Smart mobile solutions help clinicians deliver safer, higher quality care more efficiently in the hospital. But what about when the patient returns home?
Survey results released early this year show that 86 percent of clinicians believe that mobile apps that patients use at home will become important for managing patients’ health over the next five years. This technology, however, is already proving effective in helping manage patients’ health, while also offering provider organizations opportunities to increase efficiency and revenue.
For example, as many as 30 percent of patients pay nothing out-of-pocket when they visit a physician, which translates to thousands or hundreds of thousands of uncollected copay revenue, depending on patient volume. Instead, patients could easily make their copay, or settle any payment responsibility, through an app on their smart device that also helps them communicate with their providers and manage their health.
Mobile technology can also drive patient engagement, which is another key care quality and revenue generation opportunity. Patients who receive information, support, and reminders through their mobile device have been shown to be more engaged than patients who did not utilize mobile. Technology alone, however, is not enough. A personal care manager to help coordinate care, arrange follow-up appointments, and coach the patient through the care plans with personal phone calls and in-app messages drives deeper, longer-term engagement.
These engaged patients tend to adhere to their providers’ care plans better than non-engaged patients, which can help the provider organization improve care quality metrics and reduce frequent readmission, both of which can increase revenue under value-based payment models. From an efficiency perspective, patients’ activities and communications captured from their mobile app and can be integrated with the organization’s other health information systems to reduce providers’ time searching for information while delivering clinical context to data points and supporting better evidence-based decision making.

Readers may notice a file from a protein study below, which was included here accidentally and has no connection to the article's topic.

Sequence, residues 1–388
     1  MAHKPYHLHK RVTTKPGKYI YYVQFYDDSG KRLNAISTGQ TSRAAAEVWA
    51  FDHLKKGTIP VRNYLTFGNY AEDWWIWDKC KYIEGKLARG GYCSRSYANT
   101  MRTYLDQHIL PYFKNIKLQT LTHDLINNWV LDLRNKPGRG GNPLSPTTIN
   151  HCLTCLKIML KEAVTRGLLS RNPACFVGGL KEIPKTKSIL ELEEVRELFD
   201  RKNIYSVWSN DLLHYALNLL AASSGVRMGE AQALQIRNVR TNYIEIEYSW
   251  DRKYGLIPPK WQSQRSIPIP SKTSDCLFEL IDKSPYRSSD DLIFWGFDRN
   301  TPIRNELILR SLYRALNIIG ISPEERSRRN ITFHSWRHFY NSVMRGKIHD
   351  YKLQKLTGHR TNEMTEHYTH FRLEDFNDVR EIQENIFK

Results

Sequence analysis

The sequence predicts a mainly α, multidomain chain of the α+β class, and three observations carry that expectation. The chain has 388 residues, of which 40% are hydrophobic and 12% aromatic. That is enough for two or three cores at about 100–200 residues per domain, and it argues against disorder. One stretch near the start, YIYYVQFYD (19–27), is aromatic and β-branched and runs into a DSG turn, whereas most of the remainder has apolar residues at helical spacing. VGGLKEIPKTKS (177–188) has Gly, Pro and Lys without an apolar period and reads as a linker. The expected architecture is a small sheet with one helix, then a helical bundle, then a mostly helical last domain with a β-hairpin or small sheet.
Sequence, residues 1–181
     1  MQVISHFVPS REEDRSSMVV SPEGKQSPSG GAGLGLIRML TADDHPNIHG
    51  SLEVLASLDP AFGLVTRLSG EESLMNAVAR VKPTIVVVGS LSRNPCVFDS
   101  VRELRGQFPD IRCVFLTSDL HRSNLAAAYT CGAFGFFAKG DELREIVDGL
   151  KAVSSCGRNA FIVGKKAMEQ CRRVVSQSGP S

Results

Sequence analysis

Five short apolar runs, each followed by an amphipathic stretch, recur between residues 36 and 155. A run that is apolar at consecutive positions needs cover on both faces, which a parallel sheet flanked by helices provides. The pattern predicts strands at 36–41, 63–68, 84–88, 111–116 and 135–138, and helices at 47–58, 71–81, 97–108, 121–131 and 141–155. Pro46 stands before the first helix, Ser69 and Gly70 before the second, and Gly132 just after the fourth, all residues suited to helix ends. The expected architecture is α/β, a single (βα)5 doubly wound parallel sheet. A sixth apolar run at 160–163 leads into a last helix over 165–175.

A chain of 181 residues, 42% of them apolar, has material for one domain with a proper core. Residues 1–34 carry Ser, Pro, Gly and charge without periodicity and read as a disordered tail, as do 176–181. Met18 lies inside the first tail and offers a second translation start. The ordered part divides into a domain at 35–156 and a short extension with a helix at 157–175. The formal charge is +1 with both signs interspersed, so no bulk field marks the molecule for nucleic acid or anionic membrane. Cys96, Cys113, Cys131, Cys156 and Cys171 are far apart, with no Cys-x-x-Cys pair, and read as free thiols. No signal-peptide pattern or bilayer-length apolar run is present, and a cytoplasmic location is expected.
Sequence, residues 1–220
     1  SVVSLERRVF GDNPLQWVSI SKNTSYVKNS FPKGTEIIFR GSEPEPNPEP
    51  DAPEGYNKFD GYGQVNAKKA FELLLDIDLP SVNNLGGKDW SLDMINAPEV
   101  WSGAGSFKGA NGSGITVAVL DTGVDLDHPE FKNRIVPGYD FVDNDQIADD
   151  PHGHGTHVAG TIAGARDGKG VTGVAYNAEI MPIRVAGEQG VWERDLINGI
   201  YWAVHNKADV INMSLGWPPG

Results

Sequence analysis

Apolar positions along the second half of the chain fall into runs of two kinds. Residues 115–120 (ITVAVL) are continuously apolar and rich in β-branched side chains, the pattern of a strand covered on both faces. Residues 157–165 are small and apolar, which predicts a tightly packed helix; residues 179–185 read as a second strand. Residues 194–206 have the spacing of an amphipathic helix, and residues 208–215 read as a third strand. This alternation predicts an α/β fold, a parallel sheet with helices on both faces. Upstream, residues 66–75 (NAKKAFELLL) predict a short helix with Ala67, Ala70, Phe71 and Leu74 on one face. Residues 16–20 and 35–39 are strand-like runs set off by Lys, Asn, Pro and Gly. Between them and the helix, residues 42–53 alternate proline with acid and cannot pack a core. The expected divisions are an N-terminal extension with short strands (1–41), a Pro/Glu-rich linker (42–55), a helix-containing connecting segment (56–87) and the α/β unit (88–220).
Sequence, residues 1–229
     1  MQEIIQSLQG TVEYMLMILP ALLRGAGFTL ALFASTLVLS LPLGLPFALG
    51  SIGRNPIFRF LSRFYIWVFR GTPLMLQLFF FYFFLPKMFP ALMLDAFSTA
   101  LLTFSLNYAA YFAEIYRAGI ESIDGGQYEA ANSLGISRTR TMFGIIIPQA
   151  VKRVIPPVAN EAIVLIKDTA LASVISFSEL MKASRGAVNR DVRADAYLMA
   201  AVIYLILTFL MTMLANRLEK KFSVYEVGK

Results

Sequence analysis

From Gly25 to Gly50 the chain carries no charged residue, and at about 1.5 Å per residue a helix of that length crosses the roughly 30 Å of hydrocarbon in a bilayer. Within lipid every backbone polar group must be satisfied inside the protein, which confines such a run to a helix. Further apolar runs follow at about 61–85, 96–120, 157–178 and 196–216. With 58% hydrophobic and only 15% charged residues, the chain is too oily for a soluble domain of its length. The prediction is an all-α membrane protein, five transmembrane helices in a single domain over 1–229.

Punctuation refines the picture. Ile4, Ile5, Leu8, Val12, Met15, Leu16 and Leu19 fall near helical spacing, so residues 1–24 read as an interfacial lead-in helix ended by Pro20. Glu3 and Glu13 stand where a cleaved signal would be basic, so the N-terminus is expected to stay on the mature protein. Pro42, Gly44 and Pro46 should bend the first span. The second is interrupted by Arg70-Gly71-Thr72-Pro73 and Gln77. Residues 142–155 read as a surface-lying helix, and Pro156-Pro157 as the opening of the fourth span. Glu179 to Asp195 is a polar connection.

In the near future, more post-discharge, checkup and preventive care visits will be conducted through telehealth encounters on the patient’s mobile device. Early results from several Veterans Affairs’ telehealth programs and pilots are encouraging.
While mobile-enabled telehealth ramps up, numerous opportunities already exist for healthcare organizations to drive patient engagement, quality and revenue generation through mobile technology. Bridging the gap between the hospital to home through mobile has never been easier or more beneficial.